An audit of litter on Edmonton's streets found nearly 10 per cent less waste than a year ago.
Capital City Clean Up’s 2102 Litter Audit revealed a 9.4% reduction in litter on city streets from last year that continues a downward trend from three years ago.
"Changing a behaviour like littering can take a few years," said Mayor Stephen Mandel, in a press release.
The audit found an average of 15.7 pieces of large litter per site, down from 17.3 pieces in 2011 and 25 pieces from the original audit in 2007.
Tobacco packaging continues to be the most common form of large litter, but the numbers are down from last year’s count.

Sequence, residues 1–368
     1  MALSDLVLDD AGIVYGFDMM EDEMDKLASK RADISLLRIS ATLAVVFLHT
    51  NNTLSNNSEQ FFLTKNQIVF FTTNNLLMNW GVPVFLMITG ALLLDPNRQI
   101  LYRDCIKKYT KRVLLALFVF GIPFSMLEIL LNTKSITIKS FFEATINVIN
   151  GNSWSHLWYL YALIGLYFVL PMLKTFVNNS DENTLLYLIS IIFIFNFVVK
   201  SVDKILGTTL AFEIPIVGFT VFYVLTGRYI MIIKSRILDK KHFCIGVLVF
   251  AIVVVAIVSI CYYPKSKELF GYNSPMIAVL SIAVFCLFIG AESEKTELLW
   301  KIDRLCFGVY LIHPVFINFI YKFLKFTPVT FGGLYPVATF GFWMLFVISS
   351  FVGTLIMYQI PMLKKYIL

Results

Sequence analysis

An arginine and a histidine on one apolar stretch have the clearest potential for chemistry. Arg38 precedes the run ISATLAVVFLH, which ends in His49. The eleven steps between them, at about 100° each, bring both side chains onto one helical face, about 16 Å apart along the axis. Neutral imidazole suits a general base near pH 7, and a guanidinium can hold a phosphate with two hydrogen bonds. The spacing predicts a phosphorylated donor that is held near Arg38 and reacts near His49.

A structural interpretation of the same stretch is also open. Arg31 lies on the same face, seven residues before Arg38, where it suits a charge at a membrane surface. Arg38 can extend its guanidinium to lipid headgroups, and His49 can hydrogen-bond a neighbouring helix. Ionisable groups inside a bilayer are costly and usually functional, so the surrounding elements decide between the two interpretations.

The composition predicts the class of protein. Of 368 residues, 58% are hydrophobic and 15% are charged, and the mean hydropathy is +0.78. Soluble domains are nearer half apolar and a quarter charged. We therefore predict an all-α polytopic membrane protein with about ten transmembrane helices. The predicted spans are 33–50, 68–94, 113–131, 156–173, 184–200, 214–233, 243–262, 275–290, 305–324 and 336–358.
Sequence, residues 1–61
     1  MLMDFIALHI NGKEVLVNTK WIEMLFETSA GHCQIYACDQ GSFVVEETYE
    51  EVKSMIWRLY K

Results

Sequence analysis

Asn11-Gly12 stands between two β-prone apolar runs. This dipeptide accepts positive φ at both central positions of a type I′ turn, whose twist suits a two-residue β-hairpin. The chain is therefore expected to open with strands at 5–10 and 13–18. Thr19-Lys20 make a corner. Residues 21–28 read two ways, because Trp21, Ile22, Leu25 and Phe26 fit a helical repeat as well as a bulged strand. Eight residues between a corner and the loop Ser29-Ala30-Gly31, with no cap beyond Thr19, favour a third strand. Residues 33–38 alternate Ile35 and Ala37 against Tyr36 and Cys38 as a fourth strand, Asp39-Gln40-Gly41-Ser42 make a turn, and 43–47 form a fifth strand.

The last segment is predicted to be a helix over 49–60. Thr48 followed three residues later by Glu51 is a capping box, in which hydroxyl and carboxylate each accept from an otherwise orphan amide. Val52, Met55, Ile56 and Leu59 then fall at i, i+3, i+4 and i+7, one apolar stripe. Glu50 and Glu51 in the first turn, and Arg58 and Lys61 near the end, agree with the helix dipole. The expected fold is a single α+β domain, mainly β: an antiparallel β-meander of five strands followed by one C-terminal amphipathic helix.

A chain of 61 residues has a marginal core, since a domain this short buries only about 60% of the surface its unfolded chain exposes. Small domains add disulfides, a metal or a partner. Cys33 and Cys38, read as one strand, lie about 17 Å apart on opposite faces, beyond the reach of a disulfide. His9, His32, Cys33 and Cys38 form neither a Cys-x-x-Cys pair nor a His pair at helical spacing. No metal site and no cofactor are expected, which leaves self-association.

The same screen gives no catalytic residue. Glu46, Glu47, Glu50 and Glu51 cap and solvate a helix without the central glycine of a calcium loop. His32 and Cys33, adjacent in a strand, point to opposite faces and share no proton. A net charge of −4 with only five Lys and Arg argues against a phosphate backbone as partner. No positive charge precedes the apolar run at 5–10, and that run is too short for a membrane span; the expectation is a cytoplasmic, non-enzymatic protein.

Small litter counts remain low overall on city streets but cigarette butts remain the highest form of small litter, with the number actually rising from 613 in 2011 to 788 in 2012.
Consultant MGM Management conducted the audit, the fifth since 2007, by examining the same 123 sites throughout the city that were audited in previous years.
Each site is analyzed and the collected litter is sorted into large litter (over 25 square centimetres) such as candy bar wrappers, tobacco packaging and cardboard or small litter (less than 25 square centimetres) such as cigarette butts, small paper, chewing gum and other items.